Serena doesn’t believe in anything except for what she can see and taste. What’s alive! She worships trees, sky, dirt, worms, ladybugs, birds, butterflies, bees, oregano, dill, rosemary, cumin, paprika, coriander, and cinnamon. She could continue this list for another day or two, and she will at another time. Serena hails from the same hometown as Jimi Hendrix did. They go way back. Once Serena and her nephew and her sister all lived in a run down house. They had an extra room with a sign on the door, which read “Jimi’s room.” He was their traveling cousin. They never lost the faith that Jimi would come home, stay home, and join their family. Often times Serena, her nephew, and her sister would quarrel. She doesn’t recall why or what brought on these disagreements. She does recall how they ended. One of them would suggest, let’s listen to Hendrix. Which album? They had all of Jimi’s records. Can we play both sides of Axis Bold as Love, Serena asked? They all agreed. Then this family of three quieted and believed in something other than self-destruction. Serena’s neighbor in the afterlife asked, have you ever listen to Coltrane? Yes, I have, Serena says. But I haven’t followed him as closely as I have followed Hendrix. Did you know there is a John Coltrane church in San Francisco, which is officially called Saint John Will-I-Am Coltrane African Orthodox Church? Coltrane is the genuine love supreme. Some say Coltrane claimed he wanted to be a saint. He has many followers. On Tuesday afternoons a radio station in San Francisco plays Coltrane for fours hours. We get the program here, the neighbor tells Serena. Serena tunes in on the next Tuesday and every Tuesday after. She continues to listens to Hendrix, though she knows he wasn’t a saint. Rejoicing she sings, I got the music in me! I got the music in me! (Thanks, Kiki Dee)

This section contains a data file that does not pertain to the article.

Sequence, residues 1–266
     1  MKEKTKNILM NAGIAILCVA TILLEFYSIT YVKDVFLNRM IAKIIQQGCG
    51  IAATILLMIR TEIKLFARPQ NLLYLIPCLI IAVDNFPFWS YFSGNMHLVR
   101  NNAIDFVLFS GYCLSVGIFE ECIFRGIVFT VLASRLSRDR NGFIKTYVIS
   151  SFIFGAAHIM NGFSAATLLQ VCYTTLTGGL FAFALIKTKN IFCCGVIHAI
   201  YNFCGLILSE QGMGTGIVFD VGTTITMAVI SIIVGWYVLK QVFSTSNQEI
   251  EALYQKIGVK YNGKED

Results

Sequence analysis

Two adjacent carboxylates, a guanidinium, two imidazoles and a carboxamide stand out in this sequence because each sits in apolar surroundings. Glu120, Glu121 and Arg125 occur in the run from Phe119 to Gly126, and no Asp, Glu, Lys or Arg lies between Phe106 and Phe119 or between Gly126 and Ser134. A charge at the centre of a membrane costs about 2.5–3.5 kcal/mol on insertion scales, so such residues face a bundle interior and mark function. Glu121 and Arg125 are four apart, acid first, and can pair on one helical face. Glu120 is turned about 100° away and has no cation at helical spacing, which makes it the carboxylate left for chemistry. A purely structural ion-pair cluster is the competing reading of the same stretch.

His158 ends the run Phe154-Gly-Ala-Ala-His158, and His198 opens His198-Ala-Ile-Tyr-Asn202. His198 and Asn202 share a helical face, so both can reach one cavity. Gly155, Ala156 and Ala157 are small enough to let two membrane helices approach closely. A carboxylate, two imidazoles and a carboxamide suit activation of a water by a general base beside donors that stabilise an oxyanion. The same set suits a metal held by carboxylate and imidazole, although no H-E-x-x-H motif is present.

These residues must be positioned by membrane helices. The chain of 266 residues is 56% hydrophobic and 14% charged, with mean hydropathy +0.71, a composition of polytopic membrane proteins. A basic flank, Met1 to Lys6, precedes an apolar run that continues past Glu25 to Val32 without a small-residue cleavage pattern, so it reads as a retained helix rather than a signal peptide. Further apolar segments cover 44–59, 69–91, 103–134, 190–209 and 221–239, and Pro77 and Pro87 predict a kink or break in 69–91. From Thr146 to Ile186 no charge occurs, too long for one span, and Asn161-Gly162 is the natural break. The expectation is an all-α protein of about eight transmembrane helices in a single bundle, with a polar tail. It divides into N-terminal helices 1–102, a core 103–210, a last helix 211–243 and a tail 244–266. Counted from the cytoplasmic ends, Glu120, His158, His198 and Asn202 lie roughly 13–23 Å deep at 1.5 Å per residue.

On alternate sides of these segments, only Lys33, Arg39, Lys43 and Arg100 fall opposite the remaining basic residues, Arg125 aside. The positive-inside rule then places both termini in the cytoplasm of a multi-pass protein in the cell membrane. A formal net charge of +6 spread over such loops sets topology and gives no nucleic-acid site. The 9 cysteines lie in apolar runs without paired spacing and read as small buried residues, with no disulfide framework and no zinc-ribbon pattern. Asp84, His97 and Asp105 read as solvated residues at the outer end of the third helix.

Department of

Serena constantly complains. About everything. In every life she’s ever lived, she has whined and worried. She could open a room in her afterlife home, and christen it the complaint department. Serena would be the most valued customer, and would be given the special 25% employee discount. When a big problem comes up, first Serna gets mad, and then she can’t deal, so she runs to find someone else to fix it. She moans about what a waste of time the big problem is and then she wastes time boo-hooing about it.

Once a boss wrote in a performance review, Serena needs to get involved in her assignments, not just perform them. Too often she can’t recall a phone call or a conversation. What is she doing all day back in the last cubicle of cubicles?